We’ll let you into a secret … this is almost definitely a Private Blog Network (PBN). Exactly the type of ‘guest blog’ which Matt warned about in 2014. We came across this from one of the many lists of links we’re emailed on an almost daily basis.

The only intention of this post (and the blog as a whole) is to link out to try and manipulate the search engines.

Take note: These links DO NOT work. You’re wasting your $5 and writing time.

On the other hand, how about the following:

This is also a ‘guest blog.’

This time, it’s hosted on an agency / hosting providers blog. Yes, it’s marked up as ‘partner content’ but who’s to say that’s a bad thing?

Looking at the stats in a little more depth, we see that, this time around, the post is 1035 words in length and the post covers the topic in great detail.

The main blog feed (and other posts) look like this:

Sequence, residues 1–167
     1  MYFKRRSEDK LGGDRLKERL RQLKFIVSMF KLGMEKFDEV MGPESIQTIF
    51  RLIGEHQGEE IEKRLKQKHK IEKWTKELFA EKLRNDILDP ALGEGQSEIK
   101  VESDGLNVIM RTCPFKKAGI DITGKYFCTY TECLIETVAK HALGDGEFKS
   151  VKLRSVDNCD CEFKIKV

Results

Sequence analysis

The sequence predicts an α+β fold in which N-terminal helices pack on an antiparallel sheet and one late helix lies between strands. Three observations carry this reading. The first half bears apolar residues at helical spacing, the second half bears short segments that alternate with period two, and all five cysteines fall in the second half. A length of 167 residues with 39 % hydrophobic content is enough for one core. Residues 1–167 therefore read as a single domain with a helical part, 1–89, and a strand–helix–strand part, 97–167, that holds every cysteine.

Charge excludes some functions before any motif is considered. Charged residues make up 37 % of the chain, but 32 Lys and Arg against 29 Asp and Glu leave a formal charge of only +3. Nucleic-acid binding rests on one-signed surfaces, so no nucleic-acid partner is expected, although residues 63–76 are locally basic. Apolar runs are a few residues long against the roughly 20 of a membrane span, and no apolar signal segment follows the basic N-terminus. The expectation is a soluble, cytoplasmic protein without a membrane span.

The post was written by Feefo. It links out with a branded link and we not only get a name for the author but also a headshot!

Why is Ian guest blogging for NuBlue? Primarily to build authority and awareness across a complementary audience (NuBlue are an eCommerce agency and Feefo offer a reviews platform) however the link is a nice bonus. A ‘thank you’ for taking the time to submit content.

Equally as importantly, we see that a number of other sources are also linked out to:

The bottom line is that guest blogging is NOT dead. It’s all about writing quality content for relevant publications and understanding that the link shouldn’t be the main driver for writing a post for someone else. Yes, it’s great to have and a worthwhile link building tactic but this is real-life marketing. It’s not about manipulating the search engines and getting a link from anywhere.